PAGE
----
Cover for the book, A Framework for K-12 Science Education

So how does this relate to the NGSS? Remember, the NGSS are descriptions of student performance expectations. Each expectation is a complex statement including all three dimensions of the new vision of science instruction/learning: core disciplinary ideas (content), science and engineering practices (process), and crosscutting concepts (big ideas/themes of science). Students will not be able to demonstrate mastery of the NGSS performance expectations with a correct answer to a question. In the old paradigm we expected students to know the answers to questions, so we taught them the answers. "Good students" learned and remembered the answers and got As on their exams. In the new paradigm, student will be asked to respond to complex scenarios and will be expected to develop and communicate sophisticated explanations based on their knowledge and understanding of scientific content and principles, crosscutting concepts, and the practices engaged in by scientists and engineers. Wow, this is a path never before traveled in science education. So, if we can't teach students the answers to questions they are going to be asked, what are we suppose to teach? We are supposed to provide students with the opportunity to learn comprehensive, meaningful science, which they will draw upon to answer questions they have never encountered or thought about before. Thus, NGSS angst!

Achieve, Inc., the brain trust behind the NGSS, has developed documents to assist with the work of making thoughtful decisions concerning the adoption of instructional materials to move learning in the right directions. The first tool released by Achieve was the Educators Evaluating the Quality of Instructional Products (EQuIP) Rubric. This rubric guides educators through a series of evaluative steps to determine how well an instructional event (lesson or unit) is aligned with the goals of the NGSS. The process of using the EQuIP tool can be a bit long and somewhat tedious, and may in the long run be of limited usefulness. As I write this, a second evaluative document is just out in draft form, Primary Evaluation of Essential Criteria for Alignment (PEEC-Alignment). The PEEC-Alignment tool is designed to provide information about the alignment of entire school programs—curriculum, instructional materials, teacher support materials—with the intent of NGSS. Because of the revolutionary nature of the new vision for American science, the guidance provided by the PEEC-Alignment holds more potential for helping school systems make coherent, comprehensive decisions in the interest of deep reform of the structure and practice of elementary school science instruction.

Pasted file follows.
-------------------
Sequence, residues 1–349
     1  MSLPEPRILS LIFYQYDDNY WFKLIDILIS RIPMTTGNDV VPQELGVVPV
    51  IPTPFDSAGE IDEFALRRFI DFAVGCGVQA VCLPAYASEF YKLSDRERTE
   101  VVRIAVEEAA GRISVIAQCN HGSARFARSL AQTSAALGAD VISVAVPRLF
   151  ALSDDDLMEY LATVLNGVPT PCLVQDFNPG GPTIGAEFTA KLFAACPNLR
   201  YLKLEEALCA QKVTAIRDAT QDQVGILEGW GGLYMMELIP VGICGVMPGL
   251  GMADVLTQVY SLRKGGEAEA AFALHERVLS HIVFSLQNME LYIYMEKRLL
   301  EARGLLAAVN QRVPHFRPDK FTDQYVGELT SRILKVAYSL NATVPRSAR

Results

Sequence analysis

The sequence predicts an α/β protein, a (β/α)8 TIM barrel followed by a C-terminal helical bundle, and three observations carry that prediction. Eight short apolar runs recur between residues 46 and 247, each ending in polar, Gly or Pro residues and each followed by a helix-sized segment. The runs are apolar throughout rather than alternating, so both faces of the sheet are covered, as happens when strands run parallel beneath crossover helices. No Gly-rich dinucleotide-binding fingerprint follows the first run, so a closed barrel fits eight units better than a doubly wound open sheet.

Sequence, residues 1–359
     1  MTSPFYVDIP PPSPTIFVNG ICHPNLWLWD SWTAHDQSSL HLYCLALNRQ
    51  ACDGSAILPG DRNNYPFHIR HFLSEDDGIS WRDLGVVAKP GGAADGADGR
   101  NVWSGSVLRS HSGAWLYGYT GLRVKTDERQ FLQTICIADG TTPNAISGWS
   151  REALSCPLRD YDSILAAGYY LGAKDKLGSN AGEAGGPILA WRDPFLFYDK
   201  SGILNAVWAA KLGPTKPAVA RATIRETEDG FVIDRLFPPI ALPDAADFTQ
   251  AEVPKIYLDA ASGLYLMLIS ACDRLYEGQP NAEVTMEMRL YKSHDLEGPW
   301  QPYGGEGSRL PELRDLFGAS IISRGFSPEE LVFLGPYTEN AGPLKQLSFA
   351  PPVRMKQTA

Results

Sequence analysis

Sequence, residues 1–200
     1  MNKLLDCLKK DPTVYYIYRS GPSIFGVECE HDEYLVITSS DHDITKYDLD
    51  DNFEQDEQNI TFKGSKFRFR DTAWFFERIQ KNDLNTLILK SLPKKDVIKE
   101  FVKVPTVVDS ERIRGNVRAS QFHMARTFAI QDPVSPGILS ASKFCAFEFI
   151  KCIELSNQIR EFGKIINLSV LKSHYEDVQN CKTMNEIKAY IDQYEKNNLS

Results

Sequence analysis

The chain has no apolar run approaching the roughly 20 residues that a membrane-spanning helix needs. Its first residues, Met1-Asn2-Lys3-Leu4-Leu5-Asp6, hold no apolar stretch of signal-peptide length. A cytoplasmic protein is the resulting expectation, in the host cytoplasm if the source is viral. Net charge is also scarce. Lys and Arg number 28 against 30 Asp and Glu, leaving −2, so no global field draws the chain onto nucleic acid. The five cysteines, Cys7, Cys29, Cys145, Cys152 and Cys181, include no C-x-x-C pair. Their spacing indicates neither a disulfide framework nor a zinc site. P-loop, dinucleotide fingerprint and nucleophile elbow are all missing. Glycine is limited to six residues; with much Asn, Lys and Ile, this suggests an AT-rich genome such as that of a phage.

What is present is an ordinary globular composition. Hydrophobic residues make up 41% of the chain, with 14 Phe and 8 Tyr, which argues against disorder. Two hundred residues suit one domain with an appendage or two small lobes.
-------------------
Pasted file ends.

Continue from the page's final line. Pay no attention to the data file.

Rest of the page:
The PEEC-Alignment tool will focus on a number of critically important considerations. Following are a few of these considerations.

 

  • Inventory and allocation of school resources; fiscal capital, human capital, community resources, professional development policy
  • Recognizing the essential relationship between science and language development
  • Commitment to learning progressions within grade-level units and coordinated across all grades
  • Commitment to sufficient instructional time
  • Commitment to professional/staff development
  • Developing a coherent, intelligent curriculum plan

In summary, the most efficient, straightforward remedy for NGSS angst is pretty simple: adopt FOSS Next Generation Edition. Doing so will replace NGSS angst with another form of angst: FOSS Next Gen implementation angst. And for this form of angst you have a lot of support: Your FOSS product team at Delta Education, a strong national network of knowledgeable, experienced FOSS teachers, administrators, and professional developers, and your FOSS program development team at the Lawrence Hall of Science.

And a simple parting thought, thanks to scientist Neil deGrasse Tyson, "The good thing about science is that it is true whether or not you believe in it."